Indentured servants served longer terms in Virginia than their English counterparts and enjoyed less dignity and less protection in law and custom. They could be bought and sold like livestock, kidnapped, stolen, put up as stakes in card games, and awarded—even before their arrival in America—to the victors in lawsuits. Greedy magnates (if the term is not redundant) stinted the servants’ food and cheated them out of their freedom dues, and often out of their freedom itself, when they had served their time. Servants were beaten, maimed, and even killed with impunity. For expressing opinions unfavourable to the governor and the governing council, one man had both his arms broken and his tongue bored through with an awl, while another lost his ear and had to submit to a second seven-year term of servitude—to a member of the council that had judged his case.

Whatever truths may have appeared self-evident in those days, neither an inalienable right to life and liberty nor the founding of government on the consent of the governed was among them. Virginia was a profit-seeking venture, and no one stood to make a profit growing tobacco by democratic methods. Only those who could force large numbers of people to work tobacco for them stood to get rich during the tobacco boom. Neither white skin nor English nationality protected servants from the grossest forms of brutality and exploitation. The only degradation they were spared was perpetual enslavement along with their issue in perpetuity, the fate that eventually befell the descendants of Africans.

Scholars occasionally maintain that English indentured servants escaped that fate while Africans fell victim to it because Europeans would go only so far and no farther in oppressing people of their own colour. But they really only believe such folklore when they are floating in the twilight world of racial ideology, a world in which even the Supreme Court of the United States finds itself mentally disarmed. Once restored to honest daylight, they know better. They know that the Greeks and Romans enslaved people of their own colour. They know that Europeans held other Europeans in both slavery and serfdom, and that the law in Tudor England provided for the enslavement of vagabonds. They know that the English considered no brutality too extreme in bringing to heel the supposedly savage and undoubtedly fair-skinned Irish. Oliver Cromwell sold survivors of the Drogheda Massacre as slaves in Barbados, and his agents systematically auctioned Irish children off to planters in the West Indies. Nazi concentration camps swallowed up not only Jews and Gypsies but also partisans, resistance fighters, and Communists, whom even the United States Supreme Court would be hard-pressed to define as racial groups. From Peterloo to Santiago, Chile, to Kwangju, South Korea, to Tiananmen Square and the barrios of San Salvador, humanity has learned again and again that shared colour and nationality set no automatic limit to oppression. Ultimately, the only check upon oppression is the strength and effectiveness of resistance to it.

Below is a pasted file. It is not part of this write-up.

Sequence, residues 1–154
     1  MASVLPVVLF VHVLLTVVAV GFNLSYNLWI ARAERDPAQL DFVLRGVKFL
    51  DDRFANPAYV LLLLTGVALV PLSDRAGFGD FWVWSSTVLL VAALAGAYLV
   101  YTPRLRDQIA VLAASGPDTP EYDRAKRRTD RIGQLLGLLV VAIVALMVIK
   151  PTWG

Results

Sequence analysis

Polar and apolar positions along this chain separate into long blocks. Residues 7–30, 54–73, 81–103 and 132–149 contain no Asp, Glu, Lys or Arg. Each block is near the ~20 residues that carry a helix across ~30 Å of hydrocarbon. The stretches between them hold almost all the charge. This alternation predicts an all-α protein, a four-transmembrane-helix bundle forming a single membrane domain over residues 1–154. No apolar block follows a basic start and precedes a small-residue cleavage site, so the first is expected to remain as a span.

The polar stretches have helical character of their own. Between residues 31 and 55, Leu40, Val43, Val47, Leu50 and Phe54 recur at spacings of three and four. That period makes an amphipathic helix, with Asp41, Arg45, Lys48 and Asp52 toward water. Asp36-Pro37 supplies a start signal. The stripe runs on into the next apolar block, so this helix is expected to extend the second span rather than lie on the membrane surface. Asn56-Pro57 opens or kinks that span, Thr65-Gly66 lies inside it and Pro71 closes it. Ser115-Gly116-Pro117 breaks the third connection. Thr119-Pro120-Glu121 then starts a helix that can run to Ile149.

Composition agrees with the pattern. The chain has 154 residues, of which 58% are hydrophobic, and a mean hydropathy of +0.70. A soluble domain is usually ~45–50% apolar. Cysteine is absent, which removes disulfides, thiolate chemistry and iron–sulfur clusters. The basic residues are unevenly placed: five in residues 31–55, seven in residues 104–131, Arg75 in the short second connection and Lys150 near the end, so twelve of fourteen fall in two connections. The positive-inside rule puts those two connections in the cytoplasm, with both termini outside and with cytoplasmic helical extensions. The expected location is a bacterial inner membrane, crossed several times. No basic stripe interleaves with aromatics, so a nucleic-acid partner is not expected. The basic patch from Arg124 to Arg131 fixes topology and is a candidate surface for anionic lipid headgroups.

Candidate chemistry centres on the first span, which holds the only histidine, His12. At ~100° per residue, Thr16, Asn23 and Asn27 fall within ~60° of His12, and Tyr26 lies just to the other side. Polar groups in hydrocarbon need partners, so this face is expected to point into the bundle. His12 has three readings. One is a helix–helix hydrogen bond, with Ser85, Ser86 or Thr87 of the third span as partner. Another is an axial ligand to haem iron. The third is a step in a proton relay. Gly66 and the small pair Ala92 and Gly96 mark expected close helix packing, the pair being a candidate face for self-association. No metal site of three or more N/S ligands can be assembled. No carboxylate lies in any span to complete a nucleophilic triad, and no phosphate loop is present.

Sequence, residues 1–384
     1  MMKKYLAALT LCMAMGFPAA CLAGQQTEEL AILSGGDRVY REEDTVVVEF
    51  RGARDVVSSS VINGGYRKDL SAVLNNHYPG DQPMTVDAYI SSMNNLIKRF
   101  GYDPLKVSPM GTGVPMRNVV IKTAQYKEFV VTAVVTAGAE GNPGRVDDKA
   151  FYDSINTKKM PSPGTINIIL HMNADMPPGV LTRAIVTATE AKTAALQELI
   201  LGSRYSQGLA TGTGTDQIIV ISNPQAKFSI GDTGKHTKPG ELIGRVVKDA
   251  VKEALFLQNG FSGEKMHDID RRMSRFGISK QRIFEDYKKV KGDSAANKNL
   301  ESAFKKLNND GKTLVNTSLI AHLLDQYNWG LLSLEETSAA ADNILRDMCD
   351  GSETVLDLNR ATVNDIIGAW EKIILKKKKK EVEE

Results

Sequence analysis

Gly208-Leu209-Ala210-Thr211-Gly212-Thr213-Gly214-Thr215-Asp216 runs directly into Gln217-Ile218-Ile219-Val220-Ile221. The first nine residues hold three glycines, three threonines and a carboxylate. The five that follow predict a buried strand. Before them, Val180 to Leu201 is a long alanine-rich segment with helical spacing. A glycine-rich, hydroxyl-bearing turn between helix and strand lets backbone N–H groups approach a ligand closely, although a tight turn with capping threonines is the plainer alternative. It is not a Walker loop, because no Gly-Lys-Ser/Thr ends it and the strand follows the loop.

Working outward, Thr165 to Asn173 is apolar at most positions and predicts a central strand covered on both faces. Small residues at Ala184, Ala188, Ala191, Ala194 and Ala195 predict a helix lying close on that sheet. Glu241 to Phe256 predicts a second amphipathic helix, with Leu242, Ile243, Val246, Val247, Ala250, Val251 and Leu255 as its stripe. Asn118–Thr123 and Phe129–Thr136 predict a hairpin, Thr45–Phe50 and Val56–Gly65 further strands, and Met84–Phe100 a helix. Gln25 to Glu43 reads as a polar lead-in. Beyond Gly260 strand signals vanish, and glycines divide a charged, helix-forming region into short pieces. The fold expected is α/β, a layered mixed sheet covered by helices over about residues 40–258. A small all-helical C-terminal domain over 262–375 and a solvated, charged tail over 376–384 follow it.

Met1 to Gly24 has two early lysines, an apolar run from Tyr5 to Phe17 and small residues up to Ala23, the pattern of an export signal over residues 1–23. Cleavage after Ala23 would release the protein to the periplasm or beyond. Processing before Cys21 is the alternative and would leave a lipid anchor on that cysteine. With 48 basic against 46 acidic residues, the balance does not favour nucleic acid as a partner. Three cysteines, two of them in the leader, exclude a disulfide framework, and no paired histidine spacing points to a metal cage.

Resistance does not refer only to the fight that individuals, or collections of them, put up at any given time against those trying to impose on them. It refers also to the historical outcome of the struggle that has gone before, perhaps long enough before to have been hallowed by custom or formalized in law—as ‘the rights of an Englishman’, for example. The freedoms of lower-class Englishmen, and the somewhat lesser freedoms of lower-class Englishwomen, were not gifts of the English nobility, tendered out of solicitude for people of their own colour or nationality. Rather, they emerged from centuries of day-today contest, overt and covert, armed and unarmed, peaceable and forcible, over where the limits lay. Moral scruples about what could and what could not be done to the lower classes were nothing but the shoulds and should nots distilled from this collective historical experience, ritualized as rules of behaviour or systematized as common law—but always liable to be put once again on the table for negotiation or into the ring for combat. Each new increment of freedom that the lower classes regarded as their due represented the provisional outcome of the last round in a continuing boxing-match and established the fighting weights of the contenders in the next round.